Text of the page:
When Your Self-Worth Goes Up and Down

He was a young minister who lived in the Midwest. selfworth.jpg

One day, he told me about how he once went to a reception for a number of ministers who had gathered in a particular city. Many of these people were quite well-known. This young minister said, “I felt like a complete nobody.”

Now he never indicated that someone did something rude or demeaning at this reception. He never suggested these people acted superior in any way. Yet, his feelings were very real. He felt as if he was less important than the other people in this room.

I can relate.

For years, I judged my own worth by what I perceived others thought, said, or did.

  • One day I feel great. I am asked to speak at a church that I really admire. However, the next day, I feel down, after learning that a good friend is about to become the minister for a very large church.
  • One day I feel great. I have the opportunity to talk with a well-known minister. The next day, I feel inadequate as I think about how much better his church is doing than the one I serve.
  • One day I feel great. I write an article that is accepted for publication. The next day, I feel low when I find out that my friend is about to have his first book published.
  • One day I feel great. I am invited to teach a class at a wonderful lectureship. Later, I feel crummy at this lectureship, learning that there is standing room only for my friend’s popular class.
  • One day I feel great. A church calls to see if I am interested in possibly serving as their next minister. Later, I feel miffed when I learn that two of my friends have already turned them down. I am actually their third choice.

Up and down. Up and down.

I remember the day when a therapist looked me in the eye and said, “I think you put way too much importance in what people think about you.” Did he ever nail that one! I had allowed my feelings to be ruled by whatever someone might say or do at the moment.

Not good.

Self-worth is not to be determined by popularity, education, salary, size of church, etc. My worth is to be determined by the one who loved us and made us.


What do you think? Have you ever placed too much importance on what others thought, said, or did? What has been helpful in dealing with this?   

Please note: I reserve the right to delete comments that are offensive or off-topic.

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17 thoughts on “When Your Self-Worth Goes Up and Down

  1. This has been my story for too long. While I am not where I want to be yet, the following has helped.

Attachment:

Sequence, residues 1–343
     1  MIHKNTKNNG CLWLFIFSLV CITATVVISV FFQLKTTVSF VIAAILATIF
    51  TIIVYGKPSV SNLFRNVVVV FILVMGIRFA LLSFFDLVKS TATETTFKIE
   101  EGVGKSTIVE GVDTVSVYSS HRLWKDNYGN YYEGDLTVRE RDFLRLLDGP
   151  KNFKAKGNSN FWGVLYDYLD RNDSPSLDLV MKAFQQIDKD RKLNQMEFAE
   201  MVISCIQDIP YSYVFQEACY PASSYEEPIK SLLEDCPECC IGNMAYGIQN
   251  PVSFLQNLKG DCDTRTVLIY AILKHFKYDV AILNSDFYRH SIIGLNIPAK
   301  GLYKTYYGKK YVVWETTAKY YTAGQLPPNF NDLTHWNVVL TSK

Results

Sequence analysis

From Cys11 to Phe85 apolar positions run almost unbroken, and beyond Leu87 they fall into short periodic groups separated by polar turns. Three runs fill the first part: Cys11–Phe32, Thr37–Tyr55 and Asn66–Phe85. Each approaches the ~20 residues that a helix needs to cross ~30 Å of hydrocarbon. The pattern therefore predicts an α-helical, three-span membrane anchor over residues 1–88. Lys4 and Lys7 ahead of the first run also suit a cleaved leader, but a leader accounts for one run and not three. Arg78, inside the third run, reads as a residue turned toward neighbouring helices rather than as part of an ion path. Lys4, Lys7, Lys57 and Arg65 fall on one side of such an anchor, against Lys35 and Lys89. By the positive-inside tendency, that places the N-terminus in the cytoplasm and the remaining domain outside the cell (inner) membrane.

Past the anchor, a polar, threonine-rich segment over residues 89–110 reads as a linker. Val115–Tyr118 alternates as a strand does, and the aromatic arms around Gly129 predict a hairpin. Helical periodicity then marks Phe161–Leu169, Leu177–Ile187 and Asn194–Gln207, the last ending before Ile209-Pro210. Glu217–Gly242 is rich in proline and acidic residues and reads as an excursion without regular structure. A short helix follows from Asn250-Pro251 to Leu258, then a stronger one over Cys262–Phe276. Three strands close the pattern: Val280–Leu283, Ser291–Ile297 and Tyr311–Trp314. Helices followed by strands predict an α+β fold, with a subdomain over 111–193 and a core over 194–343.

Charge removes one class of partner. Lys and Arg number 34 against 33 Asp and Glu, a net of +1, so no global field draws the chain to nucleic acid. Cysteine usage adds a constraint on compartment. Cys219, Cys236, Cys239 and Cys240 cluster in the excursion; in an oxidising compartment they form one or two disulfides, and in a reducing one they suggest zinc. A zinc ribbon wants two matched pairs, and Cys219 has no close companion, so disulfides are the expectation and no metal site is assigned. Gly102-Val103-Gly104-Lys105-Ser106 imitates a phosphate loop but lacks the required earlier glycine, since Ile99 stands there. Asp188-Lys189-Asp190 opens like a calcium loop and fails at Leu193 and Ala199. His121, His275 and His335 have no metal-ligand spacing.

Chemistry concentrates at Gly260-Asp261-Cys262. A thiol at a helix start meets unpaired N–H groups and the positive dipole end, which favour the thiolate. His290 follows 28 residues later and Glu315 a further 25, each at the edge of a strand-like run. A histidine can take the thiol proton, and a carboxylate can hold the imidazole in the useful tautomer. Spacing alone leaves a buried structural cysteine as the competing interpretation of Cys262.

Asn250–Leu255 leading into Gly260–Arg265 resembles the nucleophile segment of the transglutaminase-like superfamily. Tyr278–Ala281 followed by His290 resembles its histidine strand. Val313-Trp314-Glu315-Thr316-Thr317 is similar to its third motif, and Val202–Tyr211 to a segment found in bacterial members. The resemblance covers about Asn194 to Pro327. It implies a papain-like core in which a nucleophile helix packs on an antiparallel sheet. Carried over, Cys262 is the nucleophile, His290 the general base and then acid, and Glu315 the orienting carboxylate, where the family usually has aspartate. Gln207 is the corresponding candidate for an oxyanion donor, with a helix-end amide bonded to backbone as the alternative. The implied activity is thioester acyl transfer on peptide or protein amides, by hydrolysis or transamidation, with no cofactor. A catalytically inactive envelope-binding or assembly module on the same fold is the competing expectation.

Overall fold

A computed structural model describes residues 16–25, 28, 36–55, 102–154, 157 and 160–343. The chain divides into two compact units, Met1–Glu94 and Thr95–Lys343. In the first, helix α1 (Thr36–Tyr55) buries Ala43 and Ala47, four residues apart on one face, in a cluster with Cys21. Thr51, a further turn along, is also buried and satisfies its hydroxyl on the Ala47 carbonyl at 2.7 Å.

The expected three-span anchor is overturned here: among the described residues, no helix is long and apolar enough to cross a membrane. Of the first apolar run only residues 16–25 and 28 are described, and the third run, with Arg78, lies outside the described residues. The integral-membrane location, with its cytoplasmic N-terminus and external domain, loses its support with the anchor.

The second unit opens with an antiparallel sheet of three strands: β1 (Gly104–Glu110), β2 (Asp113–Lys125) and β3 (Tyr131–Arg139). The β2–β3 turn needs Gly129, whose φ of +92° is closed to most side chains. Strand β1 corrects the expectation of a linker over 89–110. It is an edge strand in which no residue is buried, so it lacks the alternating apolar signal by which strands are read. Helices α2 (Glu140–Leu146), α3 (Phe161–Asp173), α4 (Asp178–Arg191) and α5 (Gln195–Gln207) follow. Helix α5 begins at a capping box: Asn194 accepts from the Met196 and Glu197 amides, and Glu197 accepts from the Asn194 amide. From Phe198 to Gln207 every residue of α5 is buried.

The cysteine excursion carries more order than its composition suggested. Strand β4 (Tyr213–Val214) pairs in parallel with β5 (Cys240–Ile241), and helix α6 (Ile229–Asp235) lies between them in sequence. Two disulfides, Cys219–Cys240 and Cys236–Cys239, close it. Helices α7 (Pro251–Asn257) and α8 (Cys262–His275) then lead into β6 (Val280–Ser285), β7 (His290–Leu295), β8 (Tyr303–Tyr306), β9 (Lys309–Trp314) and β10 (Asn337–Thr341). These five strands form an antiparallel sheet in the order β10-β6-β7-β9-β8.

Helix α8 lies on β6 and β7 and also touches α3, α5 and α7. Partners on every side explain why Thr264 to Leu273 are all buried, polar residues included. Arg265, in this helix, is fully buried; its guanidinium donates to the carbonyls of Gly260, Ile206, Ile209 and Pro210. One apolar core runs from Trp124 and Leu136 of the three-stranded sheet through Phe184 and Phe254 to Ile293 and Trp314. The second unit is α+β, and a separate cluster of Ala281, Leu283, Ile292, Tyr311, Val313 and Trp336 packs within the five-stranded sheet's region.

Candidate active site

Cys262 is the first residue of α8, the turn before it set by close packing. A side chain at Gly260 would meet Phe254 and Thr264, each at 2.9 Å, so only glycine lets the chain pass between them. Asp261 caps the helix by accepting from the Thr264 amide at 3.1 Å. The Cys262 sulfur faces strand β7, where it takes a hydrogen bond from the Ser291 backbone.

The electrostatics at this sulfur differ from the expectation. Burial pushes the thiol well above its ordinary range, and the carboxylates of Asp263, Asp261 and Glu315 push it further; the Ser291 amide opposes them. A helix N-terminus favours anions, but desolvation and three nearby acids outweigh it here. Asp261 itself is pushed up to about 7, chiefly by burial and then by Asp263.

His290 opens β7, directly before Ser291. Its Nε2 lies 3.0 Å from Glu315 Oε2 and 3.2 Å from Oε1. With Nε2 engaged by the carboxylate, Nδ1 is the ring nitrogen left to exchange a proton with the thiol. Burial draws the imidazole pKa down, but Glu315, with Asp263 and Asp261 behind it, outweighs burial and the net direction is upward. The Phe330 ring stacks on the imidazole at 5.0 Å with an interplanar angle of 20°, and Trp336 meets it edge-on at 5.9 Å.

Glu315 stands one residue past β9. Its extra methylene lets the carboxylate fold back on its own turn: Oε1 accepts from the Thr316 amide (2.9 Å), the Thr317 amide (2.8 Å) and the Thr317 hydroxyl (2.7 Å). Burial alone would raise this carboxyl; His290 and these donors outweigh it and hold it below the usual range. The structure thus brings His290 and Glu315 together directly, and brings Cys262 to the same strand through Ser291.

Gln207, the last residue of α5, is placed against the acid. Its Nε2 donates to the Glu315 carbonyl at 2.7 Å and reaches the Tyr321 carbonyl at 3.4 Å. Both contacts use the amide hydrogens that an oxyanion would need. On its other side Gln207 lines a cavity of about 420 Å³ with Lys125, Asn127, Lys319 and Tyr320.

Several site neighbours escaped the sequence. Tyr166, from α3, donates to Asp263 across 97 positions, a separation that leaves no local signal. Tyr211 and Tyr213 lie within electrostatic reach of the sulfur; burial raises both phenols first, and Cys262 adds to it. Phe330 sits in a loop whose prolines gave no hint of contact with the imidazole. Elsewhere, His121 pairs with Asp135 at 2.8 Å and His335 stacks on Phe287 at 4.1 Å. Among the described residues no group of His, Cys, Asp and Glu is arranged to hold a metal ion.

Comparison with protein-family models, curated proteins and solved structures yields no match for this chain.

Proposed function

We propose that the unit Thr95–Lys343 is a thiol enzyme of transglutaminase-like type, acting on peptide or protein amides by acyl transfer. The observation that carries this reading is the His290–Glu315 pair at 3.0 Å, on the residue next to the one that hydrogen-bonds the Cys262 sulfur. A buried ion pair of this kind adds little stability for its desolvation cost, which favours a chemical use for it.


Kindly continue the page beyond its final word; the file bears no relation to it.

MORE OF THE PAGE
1. Learning to rejoice with those who rejoice.
    2. Recognizing the gifts God has given me and others and rejoicing in both.
    3. Long, intense study of Israel’s prophets. Again and again, I see that it is not about the messenger, but the One who sends the messenger.
    4. The realization that my relationship with God and his love do not depend on my achievement.
    5. We don’t know or control the effects of what we do in the long run. Trust God to handle outcomes.
    6. Find confidants who are encouraging but honest. Once when complaining about not getting as many speaking engagements as others, my friend, in love, told me, “It is because you are not as good as they are.” He then went on to affirm the things he saw as gifts in me. I need some people in my life who love me enough to be honest with me.

  2. One day I felt great and then someone I considered a dear friend with whom I worked, told me, totally from out in left field, that his lovely wife “would never be my friend until the Lord returns,” yet he told me of his respect and appreciation! She’s young enough to be my daughter and for some strange reason I allowed that to bother me for quite a while and do a number on my feeling of self-worth. Wonderfully the Lord used this strange and uncalled for comment to help me deal with this issue and heal what was broken! So, even at my age, the evil one will throw darts to focus on self and our feelings rather than focus on the One who loves us most and does call us friend! – At the time this happened I could never have written about this like I just did!